2. “The film is not trying to impose our idea of what a good story is.”

Wang: This leads us to the John Berger essay you selected. Can you talk a bit more about this text?

Lo: Personally, I love to look at animals, and I’ve always been fascinated by them. This Berger text puts words to feelings I had, the way he articulates our displacement from the natural world and what that does to our souls. We’ve always evolved with other species, but suddenly, in this modern world, that connection has been cut off. That’s why we seek out these connections through problematic institutions like zoos.

Part of the film’s premise is just to look at dogs very carefully. There’s something very profound when you, as a filmmaker or a human, see value in spending time with another life and try to see it on their terms. That’s why I try very hard in the film not to anthropomorphize. Which is difficult, because we’re all mammals, and there’s a lot of connection there. 

Wang: In the essay, Berger points out that, as this distance between humans and animals increases, humans feel the need to see or portray animals through a specific frame—whether that’s a zoo or through images produced by technological advancements like cameras. I was wondering how much you conversed or argued with established conventions of depicting animals, whether from Disney movies or nature documentaries. 

Lo: On a macro level, Stray has a very thin story that’s not particularly linear. It’s pretty cyclical, and there’s no real character development. It doesn’t conform to a classical storytelling structure. The film is not trying to impose our idea of what a good story is. The film ends with Zeytin alone, as she was in the beginning. That’s what I observed of her life: People come and go, but in the end, she relies on herself. 

It was very important for the film to literally take on the point of view of a dog, at least in terms of height—so many animal movies seem to portray their subjects from a human height. So I wanted to create a device that would allow me to track beside them and see a world that mostly consists of human feet. I also worked with Ernst Karel, the sound designer, to distort people’s voices. The dialogue floats in and out of your attention. As humans, we’d be glued to tidbits of gossip or drama about people’s love lives. But the film always leans away from it right when you might typically lean into it, because I don’t imagine a dog would be interested in conversations about Instagram, or even women’s rights. 

Wang: The most prominent human characters in the film are a group of refugee boys from Syria, who form a relationship with the dogs. The desire to “humanize” a story’s subject applies not only to animals, but to all that are perceived as “other.” It’s as if subjects have to fit into a viewer’s existing conceptual framework to be worthy of observation. What choices did you make in representing these boys?

Lo: It was Zeytin who led me to them. I found their on-and-off relationship and the warmth they found in each other very moving. To exclude it would’ve been to deny reality, as Zeytin’s life was so intertwined with that of these young men. The edits were a struggle, because we didn’t know much about their lives, even though we became so intimate with them through the camera, witnessing moments like them waking up in the morning. They have to sniff glue to cope with their living circumstances: It suppresses their appetite and makes them able to ignore the cold. There is no explanation for that in the film, but I’m also assuming that if audiences are astute enough to have sympathy for and solidarity with Zeytin, they’ll be able to extend that to these young men who so clearly loved the dogs and formed a pack with them.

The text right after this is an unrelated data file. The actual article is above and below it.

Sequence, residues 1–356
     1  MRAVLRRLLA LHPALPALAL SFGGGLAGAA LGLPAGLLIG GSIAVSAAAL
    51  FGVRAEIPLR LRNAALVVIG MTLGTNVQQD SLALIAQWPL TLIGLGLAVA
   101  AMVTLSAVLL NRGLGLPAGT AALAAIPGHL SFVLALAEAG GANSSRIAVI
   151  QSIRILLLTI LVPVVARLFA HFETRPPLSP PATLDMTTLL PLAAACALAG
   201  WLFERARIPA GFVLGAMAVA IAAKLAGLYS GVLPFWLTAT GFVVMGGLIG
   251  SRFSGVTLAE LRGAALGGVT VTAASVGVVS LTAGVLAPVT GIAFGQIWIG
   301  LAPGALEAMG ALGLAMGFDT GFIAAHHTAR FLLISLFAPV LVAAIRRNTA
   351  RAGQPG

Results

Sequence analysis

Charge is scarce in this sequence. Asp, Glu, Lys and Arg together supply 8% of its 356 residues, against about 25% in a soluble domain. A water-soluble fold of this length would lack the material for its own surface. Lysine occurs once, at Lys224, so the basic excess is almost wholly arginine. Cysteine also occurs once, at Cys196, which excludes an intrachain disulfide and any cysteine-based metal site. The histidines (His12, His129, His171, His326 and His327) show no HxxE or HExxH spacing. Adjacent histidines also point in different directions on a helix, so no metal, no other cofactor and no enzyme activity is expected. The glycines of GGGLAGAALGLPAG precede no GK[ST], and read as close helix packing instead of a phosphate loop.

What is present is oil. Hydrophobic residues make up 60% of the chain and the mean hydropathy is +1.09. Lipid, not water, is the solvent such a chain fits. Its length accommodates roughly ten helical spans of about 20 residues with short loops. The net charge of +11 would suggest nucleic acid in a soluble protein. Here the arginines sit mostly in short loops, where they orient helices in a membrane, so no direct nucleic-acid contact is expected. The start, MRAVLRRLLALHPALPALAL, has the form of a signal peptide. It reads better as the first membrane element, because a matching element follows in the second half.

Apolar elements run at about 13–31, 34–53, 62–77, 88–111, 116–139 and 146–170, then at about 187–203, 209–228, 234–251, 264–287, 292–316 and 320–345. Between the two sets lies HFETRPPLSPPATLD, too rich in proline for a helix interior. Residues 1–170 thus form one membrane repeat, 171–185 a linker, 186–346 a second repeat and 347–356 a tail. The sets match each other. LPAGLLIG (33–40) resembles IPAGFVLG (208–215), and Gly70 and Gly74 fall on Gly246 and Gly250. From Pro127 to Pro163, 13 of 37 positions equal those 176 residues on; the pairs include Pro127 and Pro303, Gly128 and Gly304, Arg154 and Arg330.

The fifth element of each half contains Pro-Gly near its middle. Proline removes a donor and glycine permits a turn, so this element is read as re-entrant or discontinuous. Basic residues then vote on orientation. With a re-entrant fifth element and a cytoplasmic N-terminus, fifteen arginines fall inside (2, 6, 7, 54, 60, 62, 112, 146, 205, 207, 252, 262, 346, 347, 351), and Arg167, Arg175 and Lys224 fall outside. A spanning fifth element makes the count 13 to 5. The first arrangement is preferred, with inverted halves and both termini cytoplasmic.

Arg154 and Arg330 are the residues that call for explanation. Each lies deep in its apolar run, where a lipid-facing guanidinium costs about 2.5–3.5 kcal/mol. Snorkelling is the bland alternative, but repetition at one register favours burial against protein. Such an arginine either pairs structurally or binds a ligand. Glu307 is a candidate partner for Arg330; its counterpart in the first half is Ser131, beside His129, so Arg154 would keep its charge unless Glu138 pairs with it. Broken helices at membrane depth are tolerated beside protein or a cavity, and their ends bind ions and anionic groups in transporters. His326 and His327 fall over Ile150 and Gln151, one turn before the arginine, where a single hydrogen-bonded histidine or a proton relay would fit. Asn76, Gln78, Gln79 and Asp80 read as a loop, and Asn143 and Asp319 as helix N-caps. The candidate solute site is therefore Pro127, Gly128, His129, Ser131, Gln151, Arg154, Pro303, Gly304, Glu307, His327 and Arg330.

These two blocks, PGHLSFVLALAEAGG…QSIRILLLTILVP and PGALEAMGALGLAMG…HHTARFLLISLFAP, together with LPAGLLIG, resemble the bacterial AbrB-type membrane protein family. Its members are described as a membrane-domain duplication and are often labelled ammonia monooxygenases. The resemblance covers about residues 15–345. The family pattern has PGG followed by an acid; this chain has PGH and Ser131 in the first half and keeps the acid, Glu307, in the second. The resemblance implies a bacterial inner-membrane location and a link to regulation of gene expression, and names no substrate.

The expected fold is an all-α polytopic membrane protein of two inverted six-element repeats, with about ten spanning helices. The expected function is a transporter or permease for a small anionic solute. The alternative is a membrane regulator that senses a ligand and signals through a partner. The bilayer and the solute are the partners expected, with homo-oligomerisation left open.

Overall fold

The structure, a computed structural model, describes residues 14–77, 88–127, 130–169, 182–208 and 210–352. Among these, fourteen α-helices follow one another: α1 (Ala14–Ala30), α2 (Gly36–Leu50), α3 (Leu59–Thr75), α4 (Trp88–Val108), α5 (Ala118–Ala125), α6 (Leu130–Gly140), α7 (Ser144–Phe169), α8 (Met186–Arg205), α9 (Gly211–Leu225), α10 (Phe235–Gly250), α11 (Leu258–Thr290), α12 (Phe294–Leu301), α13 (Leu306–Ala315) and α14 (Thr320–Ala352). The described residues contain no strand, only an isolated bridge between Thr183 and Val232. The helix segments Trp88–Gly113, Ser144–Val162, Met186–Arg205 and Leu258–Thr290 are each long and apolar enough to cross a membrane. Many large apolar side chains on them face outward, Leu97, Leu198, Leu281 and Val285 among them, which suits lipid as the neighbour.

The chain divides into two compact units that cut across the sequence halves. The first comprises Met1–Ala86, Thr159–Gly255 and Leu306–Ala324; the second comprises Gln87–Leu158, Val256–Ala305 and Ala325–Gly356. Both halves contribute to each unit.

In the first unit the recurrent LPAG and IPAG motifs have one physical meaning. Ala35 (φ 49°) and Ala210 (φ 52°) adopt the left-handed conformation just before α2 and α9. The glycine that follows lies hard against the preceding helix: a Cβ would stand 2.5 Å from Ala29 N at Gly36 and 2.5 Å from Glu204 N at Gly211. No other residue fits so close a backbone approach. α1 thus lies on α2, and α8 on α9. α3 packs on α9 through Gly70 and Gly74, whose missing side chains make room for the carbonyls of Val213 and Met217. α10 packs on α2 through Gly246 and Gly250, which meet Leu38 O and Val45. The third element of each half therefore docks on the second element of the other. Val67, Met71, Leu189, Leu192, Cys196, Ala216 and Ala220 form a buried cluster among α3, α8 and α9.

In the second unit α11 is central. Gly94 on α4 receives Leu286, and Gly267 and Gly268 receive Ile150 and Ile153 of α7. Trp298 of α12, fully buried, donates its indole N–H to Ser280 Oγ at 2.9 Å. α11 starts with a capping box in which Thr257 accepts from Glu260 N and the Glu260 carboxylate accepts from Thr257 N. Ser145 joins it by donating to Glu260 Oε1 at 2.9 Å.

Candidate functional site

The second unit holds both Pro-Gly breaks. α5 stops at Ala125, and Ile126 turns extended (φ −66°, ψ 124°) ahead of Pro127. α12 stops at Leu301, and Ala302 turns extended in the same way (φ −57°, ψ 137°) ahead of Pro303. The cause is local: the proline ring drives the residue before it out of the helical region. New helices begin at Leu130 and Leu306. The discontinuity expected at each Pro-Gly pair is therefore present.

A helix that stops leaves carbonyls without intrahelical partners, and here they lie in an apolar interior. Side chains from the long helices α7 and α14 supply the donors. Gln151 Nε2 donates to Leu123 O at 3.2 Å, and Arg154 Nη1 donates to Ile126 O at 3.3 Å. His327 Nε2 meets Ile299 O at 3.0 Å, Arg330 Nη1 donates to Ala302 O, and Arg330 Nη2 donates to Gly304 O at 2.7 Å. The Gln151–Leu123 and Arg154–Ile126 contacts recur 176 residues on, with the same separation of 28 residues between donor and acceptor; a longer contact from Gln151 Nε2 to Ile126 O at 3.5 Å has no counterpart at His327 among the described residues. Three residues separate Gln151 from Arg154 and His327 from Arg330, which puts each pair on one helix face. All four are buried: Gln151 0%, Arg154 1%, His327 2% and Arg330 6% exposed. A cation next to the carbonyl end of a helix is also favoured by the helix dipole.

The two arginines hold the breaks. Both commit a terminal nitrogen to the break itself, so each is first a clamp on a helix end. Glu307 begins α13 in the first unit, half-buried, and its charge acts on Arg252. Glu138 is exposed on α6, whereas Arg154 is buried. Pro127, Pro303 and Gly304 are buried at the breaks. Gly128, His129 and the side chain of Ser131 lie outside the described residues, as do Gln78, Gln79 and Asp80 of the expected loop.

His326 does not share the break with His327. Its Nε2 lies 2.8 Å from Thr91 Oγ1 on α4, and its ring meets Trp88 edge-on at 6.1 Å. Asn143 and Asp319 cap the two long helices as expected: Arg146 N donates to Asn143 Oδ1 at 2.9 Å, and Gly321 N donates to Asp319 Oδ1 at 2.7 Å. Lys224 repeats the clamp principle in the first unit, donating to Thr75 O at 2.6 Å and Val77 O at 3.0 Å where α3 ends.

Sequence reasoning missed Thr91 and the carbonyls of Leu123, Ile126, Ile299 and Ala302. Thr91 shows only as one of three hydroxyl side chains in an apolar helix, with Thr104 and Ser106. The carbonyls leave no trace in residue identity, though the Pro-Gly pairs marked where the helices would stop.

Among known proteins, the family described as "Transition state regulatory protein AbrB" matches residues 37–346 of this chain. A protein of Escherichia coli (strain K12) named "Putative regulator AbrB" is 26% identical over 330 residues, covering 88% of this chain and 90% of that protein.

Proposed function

Wang: The narratives of both the boys and the dogs are a refraction of the types of care that Turkish society extends to its stray citizens. They are offered some shelter, some food, and some sympathy—they are allowed to co-exist. But the support has its limits too: At some point, people move on with their own lives.

Lo: There are people who have walked away from this film feeling that the humans in it are treated far worse than the dogs. But I see warmth that permeates every level. Of course each of these populations are at different points on the spectrum of power, but I hope the film is a fair portrayal. 

3. “She asked viewers to read into those surfaces—of people’s faces, of people’s clothes, of the way they waited at bus stops.”

Lo: In the clip of Stray I shared with you, there’s this shot that starts around 3:00, where you’re tracking Zeytin as she disappears behind people on park benches. You see all these people in the foreground, their faces and their gestures, just passing by. As I was editing the film, D’Est was in the back of my mind, especially the way Chantal Akerman chose to portray people and tell the story of the fall of the Soviet Union through surfaces, with no context. She asked viewers to read into those surfaces—of people’s faces, people’s clothes, the way they waited at bus stops—and trusted the power of capturing those alone. 

Wang: The shot moves like a timeline, but one that doesn’t necessarily lead anywhere. I wonder how you worked with your timelines in this project—from shooting the footage over a period of two years to editing it together into some sort of chronology.

Lo: I didn’t pay much attention to the real chronology of what and when I shot, but a lot of what unfolds in the film actually does match the sequence of shooting. There’s a scene where the dogs fight over a bone and a trash man comes to intervene. Shortly afterwards, the dogs wander, a man and his daughter plays with them, but then the dogs hear a cat and wander into an alleyway, where they reunite with the Syrian boys. That sequence was actually continuously shot.

4. ”It says so much by using just non-human and ambient sounds.”